Christ, however, was not devoid of care and concern for the daily pain and hardships people endured in their personal lives. The Gospels record His great empathy and compassion for sinners. He applied those attitudes in a tangible, practical way by healing thousands of people of every kind of disease and affliction, often at great personal sacrifice to Himself.

Still, as beneficial and appreciated as His ministry to others' physical needs was, it was not Jesus' first priority. His divine calling was to speak to the hearts and souls of individual men and women. He proclaimed the good news of redemption that could reconcile them to the Father and grant them eternal life. That message far surpasses any agenda for political, social, or economic reform that can preoccupy us. Christ did not come to promote some new social agenda or establish a new moral order. He did come to establish a new spiritual order, the body of believers from throughout the ages that constitutes His church. He did not come to earth to make the old creation moral through social and governmental reform, but to make new creatures holy through the saving power of the gospel and the transforming work of the Holy Spirit. And our Lord and Savior has commanded us to continue His ministry, with His supreme priorities in view, with the goal that we might advance His kingdom: "All authority has been given to Me in heaven and on earth. Go therefore and make disciples of all the nations, baptizing them in the name of the Father and of the Son and of the Holy Spirit, teaching them to observe all things that I have commanded you; and lo, I am with you always, even to the end of the age" (Matt. 28:18-20).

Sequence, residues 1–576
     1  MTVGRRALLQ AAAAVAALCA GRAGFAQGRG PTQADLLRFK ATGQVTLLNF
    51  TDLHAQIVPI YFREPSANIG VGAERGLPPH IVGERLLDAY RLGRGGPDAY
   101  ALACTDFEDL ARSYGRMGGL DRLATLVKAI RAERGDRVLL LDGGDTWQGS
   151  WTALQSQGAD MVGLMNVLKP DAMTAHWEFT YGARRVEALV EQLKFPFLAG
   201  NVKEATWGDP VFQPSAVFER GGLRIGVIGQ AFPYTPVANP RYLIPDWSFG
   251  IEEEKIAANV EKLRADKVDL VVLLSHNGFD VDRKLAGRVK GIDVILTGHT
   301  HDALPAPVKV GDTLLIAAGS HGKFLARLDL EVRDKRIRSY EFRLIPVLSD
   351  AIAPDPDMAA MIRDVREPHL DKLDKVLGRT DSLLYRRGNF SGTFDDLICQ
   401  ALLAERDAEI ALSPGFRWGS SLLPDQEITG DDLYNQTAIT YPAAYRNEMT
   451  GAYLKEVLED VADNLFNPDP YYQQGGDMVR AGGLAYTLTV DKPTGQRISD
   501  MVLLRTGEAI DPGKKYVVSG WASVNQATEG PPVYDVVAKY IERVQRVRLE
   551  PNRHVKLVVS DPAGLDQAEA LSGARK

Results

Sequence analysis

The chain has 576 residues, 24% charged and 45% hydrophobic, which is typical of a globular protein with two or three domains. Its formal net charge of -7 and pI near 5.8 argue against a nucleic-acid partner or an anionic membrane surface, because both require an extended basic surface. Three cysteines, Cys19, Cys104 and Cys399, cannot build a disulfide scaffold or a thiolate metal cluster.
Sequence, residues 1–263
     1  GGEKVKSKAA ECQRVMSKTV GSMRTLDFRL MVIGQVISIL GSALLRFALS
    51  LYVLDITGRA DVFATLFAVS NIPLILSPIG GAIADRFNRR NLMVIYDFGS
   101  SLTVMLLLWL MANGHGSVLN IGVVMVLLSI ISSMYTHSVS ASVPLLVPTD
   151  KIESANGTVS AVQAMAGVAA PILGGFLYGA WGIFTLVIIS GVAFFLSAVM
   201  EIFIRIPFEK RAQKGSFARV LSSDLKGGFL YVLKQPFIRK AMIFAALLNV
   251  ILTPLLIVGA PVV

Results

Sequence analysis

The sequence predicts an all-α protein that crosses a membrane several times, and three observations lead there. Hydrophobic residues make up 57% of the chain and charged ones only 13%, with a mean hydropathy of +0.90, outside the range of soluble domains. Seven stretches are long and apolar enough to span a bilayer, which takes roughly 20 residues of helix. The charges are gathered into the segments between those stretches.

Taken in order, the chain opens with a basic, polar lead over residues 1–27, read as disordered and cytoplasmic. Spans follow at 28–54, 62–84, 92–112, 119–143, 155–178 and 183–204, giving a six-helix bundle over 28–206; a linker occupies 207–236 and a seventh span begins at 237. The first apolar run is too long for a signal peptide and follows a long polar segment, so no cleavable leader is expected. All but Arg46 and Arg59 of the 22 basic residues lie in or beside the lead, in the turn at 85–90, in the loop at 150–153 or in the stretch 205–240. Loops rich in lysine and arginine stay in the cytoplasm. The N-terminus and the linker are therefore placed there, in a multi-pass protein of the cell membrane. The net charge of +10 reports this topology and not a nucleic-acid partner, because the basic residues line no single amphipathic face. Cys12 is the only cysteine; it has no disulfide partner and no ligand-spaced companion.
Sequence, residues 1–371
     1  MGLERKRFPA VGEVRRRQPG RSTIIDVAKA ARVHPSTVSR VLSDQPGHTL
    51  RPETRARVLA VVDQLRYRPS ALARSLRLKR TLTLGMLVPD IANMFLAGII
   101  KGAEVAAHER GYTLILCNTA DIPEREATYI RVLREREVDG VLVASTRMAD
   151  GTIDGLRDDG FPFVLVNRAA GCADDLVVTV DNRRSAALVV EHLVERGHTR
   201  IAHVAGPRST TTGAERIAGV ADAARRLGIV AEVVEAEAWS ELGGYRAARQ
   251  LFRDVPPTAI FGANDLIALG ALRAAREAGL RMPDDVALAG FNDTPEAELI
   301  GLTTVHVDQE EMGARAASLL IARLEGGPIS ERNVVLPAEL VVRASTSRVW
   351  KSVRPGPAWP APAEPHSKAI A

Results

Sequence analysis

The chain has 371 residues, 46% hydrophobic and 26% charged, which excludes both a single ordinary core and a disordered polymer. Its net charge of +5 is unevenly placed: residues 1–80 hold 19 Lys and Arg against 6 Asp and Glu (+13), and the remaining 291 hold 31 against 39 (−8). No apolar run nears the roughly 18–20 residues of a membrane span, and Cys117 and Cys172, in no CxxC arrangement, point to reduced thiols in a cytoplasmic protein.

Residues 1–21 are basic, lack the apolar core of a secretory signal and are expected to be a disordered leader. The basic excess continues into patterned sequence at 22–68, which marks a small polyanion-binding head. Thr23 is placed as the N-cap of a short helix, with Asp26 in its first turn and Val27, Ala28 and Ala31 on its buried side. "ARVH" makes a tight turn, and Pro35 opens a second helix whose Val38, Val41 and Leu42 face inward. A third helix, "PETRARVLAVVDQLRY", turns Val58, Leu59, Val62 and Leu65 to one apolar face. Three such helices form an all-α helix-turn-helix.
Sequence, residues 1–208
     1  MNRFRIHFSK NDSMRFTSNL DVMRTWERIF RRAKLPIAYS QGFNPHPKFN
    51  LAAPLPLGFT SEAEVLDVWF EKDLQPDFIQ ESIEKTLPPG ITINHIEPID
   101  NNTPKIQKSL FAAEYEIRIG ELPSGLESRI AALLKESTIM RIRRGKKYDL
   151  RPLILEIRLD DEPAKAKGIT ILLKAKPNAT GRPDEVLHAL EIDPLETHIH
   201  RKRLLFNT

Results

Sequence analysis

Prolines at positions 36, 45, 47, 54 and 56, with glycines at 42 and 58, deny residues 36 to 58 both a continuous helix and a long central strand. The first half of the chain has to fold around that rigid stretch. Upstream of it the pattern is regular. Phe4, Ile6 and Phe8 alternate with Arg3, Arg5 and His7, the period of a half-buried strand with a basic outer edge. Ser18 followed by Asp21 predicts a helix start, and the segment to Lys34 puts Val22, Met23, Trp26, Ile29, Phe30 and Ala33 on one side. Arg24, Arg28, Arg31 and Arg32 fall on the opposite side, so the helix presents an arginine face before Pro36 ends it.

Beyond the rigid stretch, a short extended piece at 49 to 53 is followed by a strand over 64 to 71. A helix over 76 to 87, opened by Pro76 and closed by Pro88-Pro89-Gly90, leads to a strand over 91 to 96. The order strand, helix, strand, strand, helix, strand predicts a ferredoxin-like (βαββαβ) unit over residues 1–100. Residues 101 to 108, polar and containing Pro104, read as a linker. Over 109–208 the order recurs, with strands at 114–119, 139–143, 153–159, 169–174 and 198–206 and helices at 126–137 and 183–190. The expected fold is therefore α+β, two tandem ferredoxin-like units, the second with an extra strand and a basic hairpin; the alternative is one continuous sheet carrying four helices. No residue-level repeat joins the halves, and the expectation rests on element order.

In the truest sense, the moral, social, and political state of a people is irrelevant to the advance of the gospel. Jesus said that His kingdom was not of this world (John 18:36).